This is an important best practice – never, ever modify plugin files directly.
Rule 1: there is never a good reason to do this.
Rule 2: refer to rule 1.
When you modify a plugin’s core files, not only will your changes be overwritten when you update the plugin, you also run the risk of breaking the plugin and possibly your WordPress installation. In addition, it makes it impossible for the plugin developer to provide support for you since they have no knowledge of what you’ve changed.
Unless it is a patch for an issue with the plugin, nothing on this site will EVER direct you to modify the plugin files directly. So don’t do it.
How can I customize?
Note that the WP-Members plugin is full of action and filter hooks that allow you to build proper customizations for your deployment. This is the same way that WordPress itself allows you to modify the behavior of WP without touching the core of WP itself. There are also API functions that can be used.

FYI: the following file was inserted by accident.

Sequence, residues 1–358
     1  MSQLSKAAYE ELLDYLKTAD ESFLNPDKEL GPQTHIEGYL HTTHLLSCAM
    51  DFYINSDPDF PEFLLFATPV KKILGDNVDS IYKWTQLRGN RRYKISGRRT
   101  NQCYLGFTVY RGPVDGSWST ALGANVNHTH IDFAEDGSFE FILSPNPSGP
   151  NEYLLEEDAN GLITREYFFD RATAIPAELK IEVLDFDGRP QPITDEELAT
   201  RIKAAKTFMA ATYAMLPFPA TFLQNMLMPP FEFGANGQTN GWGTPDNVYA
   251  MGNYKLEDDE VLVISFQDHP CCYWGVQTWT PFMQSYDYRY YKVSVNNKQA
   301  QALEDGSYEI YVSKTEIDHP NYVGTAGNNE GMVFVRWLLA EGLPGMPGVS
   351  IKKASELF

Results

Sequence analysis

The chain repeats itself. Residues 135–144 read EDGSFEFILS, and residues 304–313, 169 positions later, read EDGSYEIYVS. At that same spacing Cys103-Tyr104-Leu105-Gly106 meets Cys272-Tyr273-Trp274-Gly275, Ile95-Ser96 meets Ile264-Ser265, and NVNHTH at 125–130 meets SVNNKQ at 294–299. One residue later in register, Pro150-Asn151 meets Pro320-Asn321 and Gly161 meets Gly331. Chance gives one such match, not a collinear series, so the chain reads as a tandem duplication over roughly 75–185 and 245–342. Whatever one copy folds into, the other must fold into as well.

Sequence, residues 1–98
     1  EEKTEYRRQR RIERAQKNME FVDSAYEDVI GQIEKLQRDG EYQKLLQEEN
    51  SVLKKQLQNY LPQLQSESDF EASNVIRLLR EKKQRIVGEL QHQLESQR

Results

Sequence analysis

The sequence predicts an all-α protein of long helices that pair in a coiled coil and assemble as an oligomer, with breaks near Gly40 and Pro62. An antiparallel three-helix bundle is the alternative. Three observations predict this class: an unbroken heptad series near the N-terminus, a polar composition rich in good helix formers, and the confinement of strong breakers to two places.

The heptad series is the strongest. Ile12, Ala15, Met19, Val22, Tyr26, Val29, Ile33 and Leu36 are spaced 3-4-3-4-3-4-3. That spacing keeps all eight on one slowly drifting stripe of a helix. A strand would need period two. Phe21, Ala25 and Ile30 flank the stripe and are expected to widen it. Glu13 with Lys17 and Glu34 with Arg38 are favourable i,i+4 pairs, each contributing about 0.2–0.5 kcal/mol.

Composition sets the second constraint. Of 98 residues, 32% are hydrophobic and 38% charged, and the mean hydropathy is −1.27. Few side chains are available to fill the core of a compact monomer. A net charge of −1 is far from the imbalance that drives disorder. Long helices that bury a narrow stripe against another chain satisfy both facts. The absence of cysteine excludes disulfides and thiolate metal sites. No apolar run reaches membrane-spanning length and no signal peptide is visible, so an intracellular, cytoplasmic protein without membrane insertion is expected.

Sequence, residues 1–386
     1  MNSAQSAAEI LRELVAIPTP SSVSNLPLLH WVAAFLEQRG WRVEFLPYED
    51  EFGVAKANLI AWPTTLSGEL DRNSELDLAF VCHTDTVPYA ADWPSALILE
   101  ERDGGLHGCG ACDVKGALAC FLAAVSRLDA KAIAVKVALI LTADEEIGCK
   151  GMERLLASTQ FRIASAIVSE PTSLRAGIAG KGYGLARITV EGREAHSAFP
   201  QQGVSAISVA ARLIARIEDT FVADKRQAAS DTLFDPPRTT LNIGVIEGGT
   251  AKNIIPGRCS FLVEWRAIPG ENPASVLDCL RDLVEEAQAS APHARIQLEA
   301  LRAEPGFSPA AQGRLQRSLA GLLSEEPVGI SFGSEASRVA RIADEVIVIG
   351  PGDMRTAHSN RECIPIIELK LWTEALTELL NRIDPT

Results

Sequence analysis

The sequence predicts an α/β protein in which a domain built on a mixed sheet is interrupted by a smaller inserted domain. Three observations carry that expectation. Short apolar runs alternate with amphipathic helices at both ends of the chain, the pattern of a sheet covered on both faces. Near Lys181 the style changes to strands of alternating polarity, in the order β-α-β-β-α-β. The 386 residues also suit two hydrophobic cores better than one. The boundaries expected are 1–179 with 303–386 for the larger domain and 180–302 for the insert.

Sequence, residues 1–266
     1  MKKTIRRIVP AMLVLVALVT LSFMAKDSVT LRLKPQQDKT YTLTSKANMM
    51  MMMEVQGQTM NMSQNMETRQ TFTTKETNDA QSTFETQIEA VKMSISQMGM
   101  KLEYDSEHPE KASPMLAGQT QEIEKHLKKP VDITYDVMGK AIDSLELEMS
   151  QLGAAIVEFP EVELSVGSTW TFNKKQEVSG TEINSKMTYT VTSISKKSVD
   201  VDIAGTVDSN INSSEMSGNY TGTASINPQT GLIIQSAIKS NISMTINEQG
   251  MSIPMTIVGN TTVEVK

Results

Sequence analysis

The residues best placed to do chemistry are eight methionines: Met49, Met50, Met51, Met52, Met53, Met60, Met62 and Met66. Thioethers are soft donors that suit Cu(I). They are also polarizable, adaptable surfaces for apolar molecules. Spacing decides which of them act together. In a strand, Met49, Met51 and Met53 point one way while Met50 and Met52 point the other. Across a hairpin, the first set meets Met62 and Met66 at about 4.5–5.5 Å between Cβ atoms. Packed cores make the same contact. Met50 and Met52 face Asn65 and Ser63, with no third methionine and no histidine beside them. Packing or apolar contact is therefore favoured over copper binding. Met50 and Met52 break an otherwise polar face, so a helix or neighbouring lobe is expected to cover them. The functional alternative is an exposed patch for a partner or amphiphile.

In the case of WP-Members, most of this information is not only included in the documentation but is also documented “inline” in the plugin. Often, if you are going through a plugin’s files seeking to make a change to something, the documented filter hook will be right there in front of you. Learn to recognize this so you can make custom changes the right way. The whole point of inline documentation is so that you can see where a value is derived from and how you can change it if it’s a filter, or use it if it’s an action.
Where should customizations go?
Using a plugin’s available action/filter hooks and/or API functions allows you to store your customizations outside the plugin.
A common (and good) alternative is to create a plugin file to store your custom functions. The advantage is this makes it independent of your theme, should you ever change themes.
Also see: How to use action and filter hooks.